The N8 Research Partnership has given its views on the impact of Brexit on Northern universities at a public session of the Education Committee at Northumbria University.
The special session focused on the potential implications on their ability to attract students from abroad and the possible consequences for research funding.
The House of Common’s select committee heard from Dr Peter Simpson, Director of the N8; Professor Tony Stevenson, Deputy Vice-Chancellor, Newcastle University; the Vice-Chancellors of Sunderland and Northumbria universities; and the Director of Universities Scotland. The session is part of the Committee’s inquiry into the impact of Brexit on higher education.
Evidence received so far has suggested that Oxford University, Cambridge University and universities in London will continue to attract international and EU students, regardless of any changes in immigration policy. The Committee has also heard concerns that EU funding is spread more widely around the country, compared to UK funding research, which is regularly awarded to Oxford, Cambridge and London.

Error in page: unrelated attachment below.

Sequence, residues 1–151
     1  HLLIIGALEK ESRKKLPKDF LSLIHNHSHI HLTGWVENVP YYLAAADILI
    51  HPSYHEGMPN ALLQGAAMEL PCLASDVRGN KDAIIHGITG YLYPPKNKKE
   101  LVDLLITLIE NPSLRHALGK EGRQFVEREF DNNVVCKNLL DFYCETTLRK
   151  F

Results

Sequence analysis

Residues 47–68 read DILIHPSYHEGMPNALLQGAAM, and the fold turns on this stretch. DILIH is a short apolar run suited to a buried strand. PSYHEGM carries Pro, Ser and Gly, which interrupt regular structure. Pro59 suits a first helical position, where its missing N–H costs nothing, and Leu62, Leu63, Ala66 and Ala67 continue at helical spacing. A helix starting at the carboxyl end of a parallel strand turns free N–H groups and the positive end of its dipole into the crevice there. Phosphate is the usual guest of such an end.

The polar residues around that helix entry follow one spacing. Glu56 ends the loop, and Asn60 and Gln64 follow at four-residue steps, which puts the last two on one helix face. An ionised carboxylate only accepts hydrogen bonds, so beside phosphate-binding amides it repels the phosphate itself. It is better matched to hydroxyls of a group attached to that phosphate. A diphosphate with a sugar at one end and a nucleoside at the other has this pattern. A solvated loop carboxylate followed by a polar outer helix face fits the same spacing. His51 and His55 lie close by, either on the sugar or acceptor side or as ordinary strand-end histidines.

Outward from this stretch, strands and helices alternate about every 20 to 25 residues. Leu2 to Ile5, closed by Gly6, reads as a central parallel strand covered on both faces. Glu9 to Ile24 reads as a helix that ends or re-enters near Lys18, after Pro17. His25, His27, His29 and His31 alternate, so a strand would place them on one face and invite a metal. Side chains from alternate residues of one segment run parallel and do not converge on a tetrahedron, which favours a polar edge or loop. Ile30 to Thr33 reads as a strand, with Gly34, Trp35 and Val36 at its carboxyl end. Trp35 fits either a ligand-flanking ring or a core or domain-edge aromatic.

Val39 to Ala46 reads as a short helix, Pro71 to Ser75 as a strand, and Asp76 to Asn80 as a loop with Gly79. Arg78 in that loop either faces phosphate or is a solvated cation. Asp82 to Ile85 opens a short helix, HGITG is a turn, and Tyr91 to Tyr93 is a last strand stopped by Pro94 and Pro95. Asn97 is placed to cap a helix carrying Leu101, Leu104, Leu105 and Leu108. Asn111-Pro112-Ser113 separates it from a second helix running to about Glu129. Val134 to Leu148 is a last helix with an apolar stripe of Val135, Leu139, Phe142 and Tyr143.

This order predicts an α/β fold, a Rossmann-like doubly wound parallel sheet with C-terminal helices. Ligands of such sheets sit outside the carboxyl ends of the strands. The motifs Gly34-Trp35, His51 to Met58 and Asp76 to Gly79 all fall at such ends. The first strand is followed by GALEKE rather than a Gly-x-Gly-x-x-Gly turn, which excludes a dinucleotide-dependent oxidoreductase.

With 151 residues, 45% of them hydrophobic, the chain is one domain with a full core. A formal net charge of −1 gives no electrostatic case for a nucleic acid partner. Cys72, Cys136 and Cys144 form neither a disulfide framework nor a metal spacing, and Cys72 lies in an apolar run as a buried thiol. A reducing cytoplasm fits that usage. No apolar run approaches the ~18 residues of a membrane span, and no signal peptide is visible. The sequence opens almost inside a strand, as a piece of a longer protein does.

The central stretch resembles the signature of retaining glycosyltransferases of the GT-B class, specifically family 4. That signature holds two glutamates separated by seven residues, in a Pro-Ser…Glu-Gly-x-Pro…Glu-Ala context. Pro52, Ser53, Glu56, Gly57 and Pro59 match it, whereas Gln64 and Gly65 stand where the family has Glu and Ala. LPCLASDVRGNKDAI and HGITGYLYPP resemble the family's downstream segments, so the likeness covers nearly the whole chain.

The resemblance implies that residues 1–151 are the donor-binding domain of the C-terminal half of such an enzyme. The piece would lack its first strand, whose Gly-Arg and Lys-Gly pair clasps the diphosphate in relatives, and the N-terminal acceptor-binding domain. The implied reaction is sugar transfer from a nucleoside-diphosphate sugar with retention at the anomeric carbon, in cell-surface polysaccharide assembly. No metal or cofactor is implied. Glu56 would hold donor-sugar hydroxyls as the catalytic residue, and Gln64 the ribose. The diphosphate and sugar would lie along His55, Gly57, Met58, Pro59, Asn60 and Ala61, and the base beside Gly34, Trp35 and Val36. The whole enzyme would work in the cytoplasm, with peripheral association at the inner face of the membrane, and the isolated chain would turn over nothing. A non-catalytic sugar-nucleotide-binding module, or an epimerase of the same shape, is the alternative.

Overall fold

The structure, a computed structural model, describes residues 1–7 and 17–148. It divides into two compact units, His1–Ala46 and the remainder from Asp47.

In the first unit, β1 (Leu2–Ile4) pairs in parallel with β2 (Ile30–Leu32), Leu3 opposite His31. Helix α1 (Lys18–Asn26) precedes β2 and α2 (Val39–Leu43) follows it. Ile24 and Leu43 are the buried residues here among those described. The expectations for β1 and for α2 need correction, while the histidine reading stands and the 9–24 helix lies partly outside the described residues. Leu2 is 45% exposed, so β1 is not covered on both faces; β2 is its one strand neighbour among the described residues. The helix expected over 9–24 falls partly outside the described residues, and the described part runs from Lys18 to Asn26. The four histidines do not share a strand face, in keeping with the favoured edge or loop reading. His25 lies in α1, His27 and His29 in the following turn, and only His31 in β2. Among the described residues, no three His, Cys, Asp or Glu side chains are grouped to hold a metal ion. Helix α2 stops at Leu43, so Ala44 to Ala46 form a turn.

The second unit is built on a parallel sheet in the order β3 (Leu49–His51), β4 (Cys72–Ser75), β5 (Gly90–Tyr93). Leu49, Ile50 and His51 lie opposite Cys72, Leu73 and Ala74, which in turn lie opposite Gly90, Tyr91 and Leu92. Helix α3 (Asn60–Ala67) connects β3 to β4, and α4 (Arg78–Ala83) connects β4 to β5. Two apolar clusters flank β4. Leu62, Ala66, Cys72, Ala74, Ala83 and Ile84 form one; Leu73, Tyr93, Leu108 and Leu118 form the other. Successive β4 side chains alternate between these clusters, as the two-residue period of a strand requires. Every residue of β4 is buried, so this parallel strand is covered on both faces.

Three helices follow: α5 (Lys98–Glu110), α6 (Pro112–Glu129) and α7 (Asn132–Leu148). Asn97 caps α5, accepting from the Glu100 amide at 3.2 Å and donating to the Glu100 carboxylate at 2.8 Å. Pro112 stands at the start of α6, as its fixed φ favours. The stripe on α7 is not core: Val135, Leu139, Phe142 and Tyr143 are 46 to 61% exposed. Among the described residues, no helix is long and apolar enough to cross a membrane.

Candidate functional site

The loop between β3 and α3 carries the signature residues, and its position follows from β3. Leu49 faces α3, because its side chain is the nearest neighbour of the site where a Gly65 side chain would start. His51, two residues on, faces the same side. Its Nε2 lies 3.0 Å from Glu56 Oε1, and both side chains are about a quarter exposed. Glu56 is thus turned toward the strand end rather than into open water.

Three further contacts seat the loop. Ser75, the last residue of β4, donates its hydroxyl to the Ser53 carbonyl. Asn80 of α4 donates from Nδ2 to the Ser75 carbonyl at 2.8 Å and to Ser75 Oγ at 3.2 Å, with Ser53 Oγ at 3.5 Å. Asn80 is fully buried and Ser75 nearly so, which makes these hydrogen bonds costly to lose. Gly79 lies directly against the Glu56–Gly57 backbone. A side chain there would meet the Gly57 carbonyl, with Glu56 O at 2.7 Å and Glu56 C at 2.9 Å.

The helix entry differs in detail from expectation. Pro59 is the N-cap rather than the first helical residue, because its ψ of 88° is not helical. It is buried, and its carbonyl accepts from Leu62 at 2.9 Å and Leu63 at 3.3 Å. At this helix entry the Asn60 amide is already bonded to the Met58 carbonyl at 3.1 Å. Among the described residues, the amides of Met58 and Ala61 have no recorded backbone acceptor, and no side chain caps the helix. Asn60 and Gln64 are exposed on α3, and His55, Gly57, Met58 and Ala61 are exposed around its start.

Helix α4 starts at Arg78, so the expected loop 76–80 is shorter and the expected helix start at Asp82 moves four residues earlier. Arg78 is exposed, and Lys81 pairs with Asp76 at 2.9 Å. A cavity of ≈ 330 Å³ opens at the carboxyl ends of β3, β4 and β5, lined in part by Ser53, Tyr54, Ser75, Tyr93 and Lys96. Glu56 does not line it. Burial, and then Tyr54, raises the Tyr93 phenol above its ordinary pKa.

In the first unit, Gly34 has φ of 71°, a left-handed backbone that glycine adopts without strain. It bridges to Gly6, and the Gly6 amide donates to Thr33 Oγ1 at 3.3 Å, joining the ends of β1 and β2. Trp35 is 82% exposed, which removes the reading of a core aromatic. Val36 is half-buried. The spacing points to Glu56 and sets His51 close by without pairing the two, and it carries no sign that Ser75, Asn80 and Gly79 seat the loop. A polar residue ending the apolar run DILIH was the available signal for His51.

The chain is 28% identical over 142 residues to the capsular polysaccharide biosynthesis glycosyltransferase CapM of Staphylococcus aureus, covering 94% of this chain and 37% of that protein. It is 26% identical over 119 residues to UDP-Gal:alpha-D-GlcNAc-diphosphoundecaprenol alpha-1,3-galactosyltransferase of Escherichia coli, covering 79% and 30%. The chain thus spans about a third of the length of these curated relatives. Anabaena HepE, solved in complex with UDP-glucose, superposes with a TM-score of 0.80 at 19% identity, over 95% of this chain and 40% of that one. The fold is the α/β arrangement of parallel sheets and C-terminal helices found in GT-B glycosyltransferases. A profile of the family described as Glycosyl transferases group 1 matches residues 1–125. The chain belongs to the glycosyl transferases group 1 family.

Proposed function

The Committee is examining whether the Government should pay specific attention to universities away from London, Oxford and Cambridge. The session also explored the role of universities in the Government’s industrial strategy, particularly in regards to research and development investment.
Dr Simpson, said: “A thriving higher education sector will be a vital component of regional and national success post-Brexit. This has been a great opportunity to reaffirm the N8’s commitment to economic growth though research and innovation, and to discuss with MPs some means by which the government can assist the sector through a challenging period of change.
“The North of England needs much greater long term investment in infrastructure, and in innovation support, and N8 will ensure this message is heard clearly.”
Those who appeared alongside Dr Simpson at the Sutherland Building, Northumbria University, were: